Developing windows app having SQL as DB

Radhai Krish 191 Reputation points

Hello friends,
We are planning to develop a windows application having SQL as DB in house.
Our organisation is small < 1000 employees.
But do have 4 branches. We've firm developers enough to build our own software.
But need to know

  1. What softwares to be bought? Like Visual studio, SQL, anything else? We need our software to auto send SMS for sure and may mails in future.
  2. What kind of licenses should be bought? Both VS and SQL. We've atleast 50 + systems where data entry happens. Also data search, printing reports, reviewing reports too happen apart from data entry.
  3. How many counts of licences in each VS and SQL should be purchased?
  4. Any other suggestions or advices?

Expecting your help with our concerns asap.

Thank you!

Windows Forms
Windows Forms
A set of .NET Framework managed libraries for developing graphical user interfaces.
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Accepted answer
  1. Michael Taylor 51,341 Reputation points

    Unfortunately there are any # of answers to your question. You should really do some research into exactly what you are looking for because this question is entirely too broad.

    1) Software:
    a) Development - completely depends upon type of application you want to build and language you will be using. C#/C++/VB then use Visual Studio 2019. Python/Perl/Java/... use the IDE that works best for them.
    b) Database - Again completely depends upon the database you want to use. Research the DBs that have the features you need (relational, document, graph, etc) and then research the available products for those databases. For relational SQL Server or Oracle or MySql or Sqlite would be options; for document databases then Mongo or Cosmos or whatever.
    c) SMS requires a third party library. The library you'll use is determined by what features you want and what platform/language you're using.
    d) Email requires a library or use of SMS. Some platforms like .NET support it out of the box. Other platforms will probably require you to download a library that works with that language using whatever package management system that language uses.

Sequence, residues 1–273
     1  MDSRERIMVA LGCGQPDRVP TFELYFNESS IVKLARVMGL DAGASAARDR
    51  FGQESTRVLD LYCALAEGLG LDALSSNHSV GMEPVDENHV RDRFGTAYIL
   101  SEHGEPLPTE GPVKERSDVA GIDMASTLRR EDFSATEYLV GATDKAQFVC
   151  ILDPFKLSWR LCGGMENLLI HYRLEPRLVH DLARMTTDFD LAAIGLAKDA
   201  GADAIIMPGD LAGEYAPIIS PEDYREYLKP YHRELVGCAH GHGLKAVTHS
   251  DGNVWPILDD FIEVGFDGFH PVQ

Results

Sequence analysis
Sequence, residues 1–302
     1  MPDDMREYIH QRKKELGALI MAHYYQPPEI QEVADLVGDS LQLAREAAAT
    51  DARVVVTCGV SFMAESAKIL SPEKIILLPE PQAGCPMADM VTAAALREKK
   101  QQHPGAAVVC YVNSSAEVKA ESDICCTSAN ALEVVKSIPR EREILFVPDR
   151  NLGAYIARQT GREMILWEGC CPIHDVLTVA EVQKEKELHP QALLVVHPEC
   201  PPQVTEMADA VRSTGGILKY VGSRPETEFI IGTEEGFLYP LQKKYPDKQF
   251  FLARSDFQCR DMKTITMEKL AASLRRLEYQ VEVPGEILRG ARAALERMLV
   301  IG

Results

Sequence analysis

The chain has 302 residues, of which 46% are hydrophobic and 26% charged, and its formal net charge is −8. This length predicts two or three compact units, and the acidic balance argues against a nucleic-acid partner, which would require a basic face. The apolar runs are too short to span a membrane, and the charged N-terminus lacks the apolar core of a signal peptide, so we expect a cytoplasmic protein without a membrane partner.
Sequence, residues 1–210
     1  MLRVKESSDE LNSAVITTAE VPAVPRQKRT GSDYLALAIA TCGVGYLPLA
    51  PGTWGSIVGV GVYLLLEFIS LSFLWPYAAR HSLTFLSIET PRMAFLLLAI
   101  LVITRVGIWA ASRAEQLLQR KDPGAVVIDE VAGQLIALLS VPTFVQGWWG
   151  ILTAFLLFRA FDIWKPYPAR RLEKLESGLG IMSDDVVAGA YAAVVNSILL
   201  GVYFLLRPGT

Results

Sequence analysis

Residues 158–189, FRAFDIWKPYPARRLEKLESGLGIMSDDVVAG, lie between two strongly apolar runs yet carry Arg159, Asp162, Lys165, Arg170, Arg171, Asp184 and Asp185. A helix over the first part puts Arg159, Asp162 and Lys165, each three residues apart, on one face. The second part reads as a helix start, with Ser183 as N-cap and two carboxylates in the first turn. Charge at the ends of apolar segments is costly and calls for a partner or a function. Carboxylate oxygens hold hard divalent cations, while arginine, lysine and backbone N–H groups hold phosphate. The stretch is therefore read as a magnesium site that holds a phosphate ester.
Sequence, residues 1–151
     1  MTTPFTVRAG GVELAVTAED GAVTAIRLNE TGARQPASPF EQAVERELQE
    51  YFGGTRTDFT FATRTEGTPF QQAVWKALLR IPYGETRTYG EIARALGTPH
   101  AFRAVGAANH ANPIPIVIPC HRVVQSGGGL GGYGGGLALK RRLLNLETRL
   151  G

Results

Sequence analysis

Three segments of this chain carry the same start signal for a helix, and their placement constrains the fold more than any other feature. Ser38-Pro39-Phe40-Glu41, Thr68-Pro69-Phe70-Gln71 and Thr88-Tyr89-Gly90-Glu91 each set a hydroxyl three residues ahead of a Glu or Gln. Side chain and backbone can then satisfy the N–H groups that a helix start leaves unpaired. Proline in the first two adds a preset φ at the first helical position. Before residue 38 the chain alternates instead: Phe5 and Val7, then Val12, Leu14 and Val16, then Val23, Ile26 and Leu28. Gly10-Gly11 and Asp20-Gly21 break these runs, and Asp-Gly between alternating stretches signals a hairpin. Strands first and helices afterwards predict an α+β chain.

2) Completely depends upon the IDE and database you intend to use. All of them are different. For Visual Studio you can buy a Pro license for each developer (not for each user of your end system). For the database you'll likely start with a standard version (such as SQL Server Standard). DBs tend to be licensed per CPU or per user, depending upon the database you use. Start small and update the licensing as you determine your needs. For example a single CPU license is probably fine for 50 people in a simple DB but will likely become an issue if you throw reporting or complex queries on top of that. Thus a higher CPU license would work better. You'll ultimately need to have a DBA profile this and determine where DB bottlenecks are (CPU, memory, disk, etc) and then update that portion of your database server.
    3) Again, depends upon tool. Visual Studio Pro requires a license per developer. If you have someone who only occasionally codes then they can get away with the free VS Community but your core devs should use pro. SQL licensing I already talked about. Other DBs have similar licensing but you'll need to read their docs.
    4) At this point you need to look at your team and their skillsets, what type of app you intend to build and what the requirements are going to be to support the DB. This will determine what tools, database and licensing you'll need.

    1 person found this answer helpful.

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  1. Radhai Krish 191 Reputation points

    1 more question do we need to buy SQL standard CAL license too?